Everyone's life is different, and everyone's life is unique to them. So many variables--both big and small--go into what makes us who we are that there's no way to expect two different people to be exactly the same. Experience is a huge part of what influences our personalities and outlooks, and many things that we may or may not consider important combine to mold us as we change from children into adults: where we live, who our parents are, our social and economic positions, people we are exposed to (friends, family, acquaintences, people we randomly come in contact with...), and so on and so forth...
I was lucky enough to not have experienced much in the way of hardship as a child. I wouldn't go so far as to describe my youth as "perfect", but at the same time I don't have much to complain about either. I know people who suffered a lot more than I did as a kid--people who lost parents and other loved ones at a young age. My father is currently battling cancer. While I know what the eventual outcome of this battle will be, I also know that I've been very lucky to have had both my parents with me for the forty-plus years I've been on this planet.
Having said all that, here are three random events from my youth that I can't help but feel had an influence on me (whether direct or indirect) because of the sheer unexpectedness and uniqueness of them. When you have your own child-like idea of what life is, and what it should be, unexpected events can easily shake those ideas--that's part of the reason they're "unexpected" after all. All three of these things felt very out of the ordinary and shocked me in some way. Life happens, and as humans we more-or-less have to remember to expect the unexpected--as impossible as it may be to do so.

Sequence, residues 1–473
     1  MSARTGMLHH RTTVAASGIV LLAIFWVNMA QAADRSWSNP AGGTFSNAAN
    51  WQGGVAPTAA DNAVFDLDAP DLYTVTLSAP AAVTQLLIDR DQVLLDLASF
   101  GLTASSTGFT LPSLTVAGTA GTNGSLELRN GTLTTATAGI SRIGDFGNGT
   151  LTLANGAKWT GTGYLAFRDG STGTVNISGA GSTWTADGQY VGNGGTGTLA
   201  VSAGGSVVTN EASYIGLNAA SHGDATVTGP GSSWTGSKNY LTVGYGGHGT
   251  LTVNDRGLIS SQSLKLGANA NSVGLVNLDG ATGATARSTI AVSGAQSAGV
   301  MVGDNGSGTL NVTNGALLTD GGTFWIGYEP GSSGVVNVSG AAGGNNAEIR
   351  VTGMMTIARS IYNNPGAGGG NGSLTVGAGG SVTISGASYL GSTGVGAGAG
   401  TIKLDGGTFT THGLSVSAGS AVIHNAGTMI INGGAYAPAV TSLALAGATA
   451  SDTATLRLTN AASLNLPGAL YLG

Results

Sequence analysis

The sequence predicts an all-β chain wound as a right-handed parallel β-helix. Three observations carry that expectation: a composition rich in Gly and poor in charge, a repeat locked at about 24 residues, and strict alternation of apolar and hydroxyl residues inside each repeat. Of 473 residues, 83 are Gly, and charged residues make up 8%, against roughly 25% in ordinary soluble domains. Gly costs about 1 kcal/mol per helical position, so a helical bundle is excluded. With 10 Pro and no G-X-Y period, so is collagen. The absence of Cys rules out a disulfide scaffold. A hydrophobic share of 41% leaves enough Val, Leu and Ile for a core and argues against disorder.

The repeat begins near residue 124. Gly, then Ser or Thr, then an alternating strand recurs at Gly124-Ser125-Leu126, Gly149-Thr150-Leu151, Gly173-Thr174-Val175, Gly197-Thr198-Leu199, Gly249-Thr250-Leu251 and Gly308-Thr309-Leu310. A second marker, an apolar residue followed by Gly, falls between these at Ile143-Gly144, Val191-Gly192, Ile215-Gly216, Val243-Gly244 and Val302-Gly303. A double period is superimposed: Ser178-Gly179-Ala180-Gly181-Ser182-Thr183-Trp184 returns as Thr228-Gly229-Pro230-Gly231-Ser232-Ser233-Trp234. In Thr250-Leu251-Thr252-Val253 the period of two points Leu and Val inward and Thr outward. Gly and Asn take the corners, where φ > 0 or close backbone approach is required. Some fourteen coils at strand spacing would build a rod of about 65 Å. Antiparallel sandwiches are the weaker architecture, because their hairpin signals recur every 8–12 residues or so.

Random Event #1: A Death in the Family
When I was in second grade my grandfather died. While not as traumatic as losing a parent, it certainly was a big learning experience for me. I was young enough that I didn't really understand what was going on. My grandfather (on my mother's side) was the only one of my grandparents that I really had a chance to get to know. The rest had either died before I was born or when I was too young to know them. My grandfather had lived with us for the last few years of his life, and I remember visiting him in his room--where he'd always give me some Nilla Wafers (he always seemed to have a box of them in his room).
When my grandfather died I became acutely aware of not only my own mortality, but more importantly, the mortality of those around me. It was the first time I realized that my parents, loved ones, friends and even myself would eventually die. Yes, that's one of the most basic traits that makes us human (you know what they say about death and taxes), but I hadn't needed to know it before then. I'd seen people killed off in movies and on TV, and even "died" myself while playing Army, but death seemed like more of a plot device than a reality. I'm pretty sure that my grandfather's death combined with my problem with the concept of time (as detailed in Monster Dad vs. Time) to make me a bit more morbid in my attitudes than I really should have been as a second-grader.
Random Event #2: A Death at Sea
When I was in the Cub Scouts as a kid my Pack visited the Battleship Massachusetts in Fall River (MA). It was a great time except for one odd moment. My fellow Scouts and I had a grand old time touring the battleship and the rest of the exhibits of Battleship Cove. I distinctly recall having an acute sense of history as we toured the mighty ship and learned a lot about life on a battleship in the days of World War II. But the random event that happened also sticks in my mind and tends to overshadow the rest of the day. It was totally unrelated to the day-trip we were on (and thus was "random"). While on the deck of the Massachusetts we saw a police boat speeding by in the water below. We all thought is was a cool thing to see (kind of like an unscheduled bonus feature of the tour). Heck, I didn't even know that there was such a thing as a police boat before then. After the boat was out of sight we resumed gawking at the huge sixteen-inch guns of the Massachusetts, and pretty much forgot about it.
Battleship Cove in Fall River, MA